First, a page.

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The Ripper Excavation Method.

Larson DA; Morrell RJ
Proc Conf on Shaft Drilling Technology Las Vegas Inst Shaft Drilling Technol 1991 :10 pages
As part of its continuing research to strengthen the competitive position of the U.S. minerals industry by improving the efficiency of underground hard-rock mining, the U.S. Bureau of Mines is conducting research on continuous mechanical extraction systems to replace the cyclic drill-blast-muck system in common use. One product of this research is a fragmentation method called ripper cutting. This concept uses a single, wide bit that attacks the rock at a shallow angle and slow speed. Research has demonstrated that the system is capable of excavation rates exceeding those possible with conventional drill-blast and can effectively cut rock too hard for roadheaders or drum-type miners. The concept has the additional advantages of low bit wear and low dust generation. The ripper cutting system can be configured as a development machine, a hard- rock mining machine, or a shaft-sinking machine. This paper presents the results of full-scale laboratory tests conducted in both soft and hard rocks using two different cutterheads. It also includes a comparison of ripper cutting to systems currently used from the standpoint of energy efficiencies and operating costs.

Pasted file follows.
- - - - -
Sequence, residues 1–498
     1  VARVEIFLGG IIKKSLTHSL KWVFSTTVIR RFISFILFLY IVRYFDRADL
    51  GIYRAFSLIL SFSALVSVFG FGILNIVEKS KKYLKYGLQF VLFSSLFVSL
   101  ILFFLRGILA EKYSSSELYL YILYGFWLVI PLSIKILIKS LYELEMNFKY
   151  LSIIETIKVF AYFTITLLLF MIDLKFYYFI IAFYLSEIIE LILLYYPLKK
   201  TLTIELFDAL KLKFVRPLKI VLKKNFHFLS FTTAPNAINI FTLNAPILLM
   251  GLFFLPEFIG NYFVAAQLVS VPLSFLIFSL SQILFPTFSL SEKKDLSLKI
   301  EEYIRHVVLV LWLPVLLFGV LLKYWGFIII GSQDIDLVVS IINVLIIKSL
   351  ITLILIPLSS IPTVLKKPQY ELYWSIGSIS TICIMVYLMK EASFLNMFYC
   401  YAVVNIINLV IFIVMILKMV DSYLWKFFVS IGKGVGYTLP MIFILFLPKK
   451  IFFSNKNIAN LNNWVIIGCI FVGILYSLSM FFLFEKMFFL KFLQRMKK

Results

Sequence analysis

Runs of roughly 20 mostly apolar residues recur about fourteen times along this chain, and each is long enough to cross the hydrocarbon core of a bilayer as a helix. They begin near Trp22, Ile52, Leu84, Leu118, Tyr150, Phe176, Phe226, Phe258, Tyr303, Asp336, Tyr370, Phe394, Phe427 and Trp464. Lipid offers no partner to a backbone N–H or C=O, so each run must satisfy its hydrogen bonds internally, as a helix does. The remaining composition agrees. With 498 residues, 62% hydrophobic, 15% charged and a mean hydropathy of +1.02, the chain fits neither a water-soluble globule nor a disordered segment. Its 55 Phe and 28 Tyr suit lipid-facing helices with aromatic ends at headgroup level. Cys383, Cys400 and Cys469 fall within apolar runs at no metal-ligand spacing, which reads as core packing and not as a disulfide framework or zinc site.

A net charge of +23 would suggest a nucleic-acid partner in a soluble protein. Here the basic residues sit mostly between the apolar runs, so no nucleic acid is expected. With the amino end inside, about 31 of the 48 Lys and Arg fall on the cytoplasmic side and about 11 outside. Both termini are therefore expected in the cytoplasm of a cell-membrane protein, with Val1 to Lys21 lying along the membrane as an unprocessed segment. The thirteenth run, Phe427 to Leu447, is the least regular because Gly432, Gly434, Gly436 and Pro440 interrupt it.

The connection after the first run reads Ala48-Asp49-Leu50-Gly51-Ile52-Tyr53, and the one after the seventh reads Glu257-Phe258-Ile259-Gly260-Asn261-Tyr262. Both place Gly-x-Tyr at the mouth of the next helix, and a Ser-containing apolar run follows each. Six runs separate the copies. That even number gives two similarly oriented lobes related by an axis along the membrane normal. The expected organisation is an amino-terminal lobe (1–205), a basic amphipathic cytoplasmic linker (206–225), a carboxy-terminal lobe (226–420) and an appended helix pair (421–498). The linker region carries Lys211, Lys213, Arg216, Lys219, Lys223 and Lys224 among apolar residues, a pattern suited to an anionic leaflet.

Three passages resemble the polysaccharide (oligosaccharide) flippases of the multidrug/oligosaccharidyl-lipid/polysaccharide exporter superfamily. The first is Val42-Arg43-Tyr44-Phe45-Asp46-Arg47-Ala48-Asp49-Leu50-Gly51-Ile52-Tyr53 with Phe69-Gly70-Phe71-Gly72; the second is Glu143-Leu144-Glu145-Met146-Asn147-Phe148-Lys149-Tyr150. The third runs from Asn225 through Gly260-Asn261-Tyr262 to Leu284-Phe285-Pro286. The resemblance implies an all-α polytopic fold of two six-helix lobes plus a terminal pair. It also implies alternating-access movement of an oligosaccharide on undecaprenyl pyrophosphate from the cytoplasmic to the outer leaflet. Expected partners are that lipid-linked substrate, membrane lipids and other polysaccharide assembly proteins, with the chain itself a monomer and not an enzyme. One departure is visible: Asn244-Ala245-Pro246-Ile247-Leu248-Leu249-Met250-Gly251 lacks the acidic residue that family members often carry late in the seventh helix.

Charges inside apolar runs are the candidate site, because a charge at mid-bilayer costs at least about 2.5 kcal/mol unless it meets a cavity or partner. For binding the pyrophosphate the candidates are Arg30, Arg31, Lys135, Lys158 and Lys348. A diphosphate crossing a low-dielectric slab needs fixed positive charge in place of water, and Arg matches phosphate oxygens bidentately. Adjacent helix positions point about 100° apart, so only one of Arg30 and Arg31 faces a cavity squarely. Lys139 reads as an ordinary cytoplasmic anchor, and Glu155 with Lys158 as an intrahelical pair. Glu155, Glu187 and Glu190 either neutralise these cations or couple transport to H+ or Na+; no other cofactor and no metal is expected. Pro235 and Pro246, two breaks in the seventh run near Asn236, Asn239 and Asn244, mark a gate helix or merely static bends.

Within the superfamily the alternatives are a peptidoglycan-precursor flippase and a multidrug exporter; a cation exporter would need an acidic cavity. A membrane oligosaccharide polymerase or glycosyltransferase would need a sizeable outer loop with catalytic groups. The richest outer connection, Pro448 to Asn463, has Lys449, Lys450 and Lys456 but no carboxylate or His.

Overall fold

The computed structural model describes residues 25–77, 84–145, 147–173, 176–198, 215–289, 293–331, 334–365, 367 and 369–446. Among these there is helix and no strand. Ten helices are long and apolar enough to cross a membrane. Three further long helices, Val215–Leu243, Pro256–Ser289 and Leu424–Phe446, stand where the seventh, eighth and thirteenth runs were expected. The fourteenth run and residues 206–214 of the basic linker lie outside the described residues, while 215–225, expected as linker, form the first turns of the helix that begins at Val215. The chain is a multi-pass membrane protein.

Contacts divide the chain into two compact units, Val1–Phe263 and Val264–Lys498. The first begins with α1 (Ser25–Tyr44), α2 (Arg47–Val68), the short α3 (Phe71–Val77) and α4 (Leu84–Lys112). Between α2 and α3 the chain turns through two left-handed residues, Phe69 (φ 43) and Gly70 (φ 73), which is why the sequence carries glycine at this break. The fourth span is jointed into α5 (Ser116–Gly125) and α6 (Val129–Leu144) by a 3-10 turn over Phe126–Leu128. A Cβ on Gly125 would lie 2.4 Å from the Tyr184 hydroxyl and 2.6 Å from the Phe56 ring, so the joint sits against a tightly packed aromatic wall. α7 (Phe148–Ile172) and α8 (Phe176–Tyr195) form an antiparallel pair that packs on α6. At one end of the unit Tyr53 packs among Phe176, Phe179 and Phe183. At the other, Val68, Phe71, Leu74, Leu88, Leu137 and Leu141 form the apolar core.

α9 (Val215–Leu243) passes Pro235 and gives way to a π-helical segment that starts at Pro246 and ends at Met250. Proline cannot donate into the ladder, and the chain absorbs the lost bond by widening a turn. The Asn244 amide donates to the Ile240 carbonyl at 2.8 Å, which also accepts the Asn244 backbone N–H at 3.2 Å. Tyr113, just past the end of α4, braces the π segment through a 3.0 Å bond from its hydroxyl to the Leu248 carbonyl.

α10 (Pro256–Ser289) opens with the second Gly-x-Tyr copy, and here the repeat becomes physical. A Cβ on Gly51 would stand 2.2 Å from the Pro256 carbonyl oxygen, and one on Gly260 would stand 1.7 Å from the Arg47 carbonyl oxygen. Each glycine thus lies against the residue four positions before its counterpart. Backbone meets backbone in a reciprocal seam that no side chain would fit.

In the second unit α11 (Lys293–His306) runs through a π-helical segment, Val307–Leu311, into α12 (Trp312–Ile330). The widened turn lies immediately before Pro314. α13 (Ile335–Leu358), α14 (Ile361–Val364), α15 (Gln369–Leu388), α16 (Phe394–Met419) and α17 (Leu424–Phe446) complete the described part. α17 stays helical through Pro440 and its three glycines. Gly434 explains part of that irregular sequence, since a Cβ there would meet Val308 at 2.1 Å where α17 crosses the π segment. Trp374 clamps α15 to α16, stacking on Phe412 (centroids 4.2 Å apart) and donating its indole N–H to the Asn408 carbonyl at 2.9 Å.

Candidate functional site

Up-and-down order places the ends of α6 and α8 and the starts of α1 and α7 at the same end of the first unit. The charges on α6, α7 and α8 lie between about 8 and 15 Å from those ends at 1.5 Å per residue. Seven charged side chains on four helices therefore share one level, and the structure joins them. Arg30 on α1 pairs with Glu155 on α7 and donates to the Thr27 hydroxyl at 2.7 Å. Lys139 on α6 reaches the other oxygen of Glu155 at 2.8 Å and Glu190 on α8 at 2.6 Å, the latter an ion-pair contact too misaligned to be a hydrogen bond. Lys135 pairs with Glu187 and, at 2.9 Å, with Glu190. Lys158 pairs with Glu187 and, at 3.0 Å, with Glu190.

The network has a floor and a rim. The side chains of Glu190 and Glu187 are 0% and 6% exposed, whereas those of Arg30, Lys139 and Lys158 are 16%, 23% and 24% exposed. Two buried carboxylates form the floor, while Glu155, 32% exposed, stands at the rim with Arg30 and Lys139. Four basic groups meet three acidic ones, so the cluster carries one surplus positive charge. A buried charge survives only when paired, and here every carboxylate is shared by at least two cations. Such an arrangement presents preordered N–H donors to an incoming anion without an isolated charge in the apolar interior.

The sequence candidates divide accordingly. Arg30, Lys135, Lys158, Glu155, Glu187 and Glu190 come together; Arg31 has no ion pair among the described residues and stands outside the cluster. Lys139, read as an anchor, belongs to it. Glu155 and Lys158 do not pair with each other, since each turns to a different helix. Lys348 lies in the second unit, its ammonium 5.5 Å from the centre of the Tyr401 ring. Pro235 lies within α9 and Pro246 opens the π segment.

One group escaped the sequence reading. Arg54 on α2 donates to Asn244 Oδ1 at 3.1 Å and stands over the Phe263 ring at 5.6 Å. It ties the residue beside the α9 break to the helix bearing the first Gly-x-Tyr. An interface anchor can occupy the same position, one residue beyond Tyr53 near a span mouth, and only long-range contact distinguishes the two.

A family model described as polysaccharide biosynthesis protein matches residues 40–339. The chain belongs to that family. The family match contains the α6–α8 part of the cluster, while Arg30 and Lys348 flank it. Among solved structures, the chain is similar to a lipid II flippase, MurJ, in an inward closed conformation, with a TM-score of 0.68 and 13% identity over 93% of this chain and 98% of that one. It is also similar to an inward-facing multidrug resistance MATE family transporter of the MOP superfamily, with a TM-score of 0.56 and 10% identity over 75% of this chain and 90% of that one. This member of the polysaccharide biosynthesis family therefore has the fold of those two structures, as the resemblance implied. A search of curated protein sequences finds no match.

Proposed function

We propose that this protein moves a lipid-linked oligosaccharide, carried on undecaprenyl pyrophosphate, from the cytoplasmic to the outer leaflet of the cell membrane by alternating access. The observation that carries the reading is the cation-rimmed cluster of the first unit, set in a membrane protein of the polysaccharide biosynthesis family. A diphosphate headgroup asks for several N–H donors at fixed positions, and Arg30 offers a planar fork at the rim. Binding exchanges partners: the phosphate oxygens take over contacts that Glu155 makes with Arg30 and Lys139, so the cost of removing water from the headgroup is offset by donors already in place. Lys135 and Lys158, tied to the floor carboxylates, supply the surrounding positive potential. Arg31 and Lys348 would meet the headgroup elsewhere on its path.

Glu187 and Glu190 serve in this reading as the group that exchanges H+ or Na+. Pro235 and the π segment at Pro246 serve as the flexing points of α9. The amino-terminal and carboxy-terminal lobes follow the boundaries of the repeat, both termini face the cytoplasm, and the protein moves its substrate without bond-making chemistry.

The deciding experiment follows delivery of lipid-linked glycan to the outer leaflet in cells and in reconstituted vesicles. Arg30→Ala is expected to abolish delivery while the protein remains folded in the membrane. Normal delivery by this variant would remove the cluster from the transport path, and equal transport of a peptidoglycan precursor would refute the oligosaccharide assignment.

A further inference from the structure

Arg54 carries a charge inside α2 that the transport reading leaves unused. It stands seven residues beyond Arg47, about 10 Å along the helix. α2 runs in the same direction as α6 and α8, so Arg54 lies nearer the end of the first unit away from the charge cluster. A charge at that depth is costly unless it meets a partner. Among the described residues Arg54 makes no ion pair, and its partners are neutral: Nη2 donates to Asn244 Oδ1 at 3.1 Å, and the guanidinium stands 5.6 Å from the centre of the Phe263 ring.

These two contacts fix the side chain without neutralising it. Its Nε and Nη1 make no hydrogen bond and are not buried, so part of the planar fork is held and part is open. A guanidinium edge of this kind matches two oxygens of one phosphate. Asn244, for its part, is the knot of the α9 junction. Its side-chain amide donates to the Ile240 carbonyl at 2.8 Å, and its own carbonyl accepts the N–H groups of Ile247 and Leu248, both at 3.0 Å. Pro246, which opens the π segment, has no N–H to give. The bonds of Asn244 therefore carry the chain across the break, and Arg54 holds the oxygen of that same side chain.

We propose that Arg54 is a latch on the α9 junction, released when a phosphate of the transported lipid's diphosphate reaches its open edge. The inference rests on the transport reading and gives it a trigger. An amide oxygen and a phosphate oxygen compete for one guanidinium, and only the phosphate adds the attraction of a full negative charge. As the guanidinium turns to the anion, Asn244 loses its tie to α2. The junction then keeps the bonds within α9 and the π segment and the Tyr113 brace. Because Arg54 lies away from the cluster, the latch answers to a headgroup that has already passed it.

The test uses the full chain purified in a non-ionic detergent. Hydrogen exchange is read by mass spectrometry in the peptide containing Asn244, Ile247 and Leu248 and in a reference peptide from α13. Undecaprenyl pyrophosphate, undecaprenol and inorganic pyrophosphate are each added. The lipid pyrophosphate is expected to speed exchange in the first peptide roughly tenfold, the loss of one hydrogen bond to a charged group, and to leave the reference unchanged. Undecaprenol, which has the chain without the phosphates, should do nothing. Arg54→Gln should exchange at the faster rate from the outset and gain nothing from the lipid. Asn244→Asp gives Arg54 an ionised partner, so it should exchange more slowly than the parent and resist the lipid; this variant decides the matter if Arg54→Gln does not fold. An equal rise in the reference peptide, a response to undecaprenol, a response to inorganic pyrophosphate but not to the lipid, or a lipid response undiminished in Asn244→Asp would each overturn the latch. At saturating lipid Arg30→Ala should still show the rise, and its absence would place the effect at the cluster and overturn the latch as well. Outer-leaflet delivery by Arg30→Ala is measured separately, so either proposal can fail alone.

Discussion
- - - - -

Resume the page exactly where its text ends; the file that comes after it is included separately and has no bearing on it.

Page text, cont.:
Publication Date
Document Type
Fiscal Year
Identifying No.
OP 95-91
NIOSH Division
Source Name
Proc. Conf. on Shaft Drilling Technology, Las Vegas; Inst. Shaft Drilling Technol., 1991, 10 Pp
Page last reviewed: December 10, 2021
Content source: National Institute for Occupational Safety and Health Education and Information Division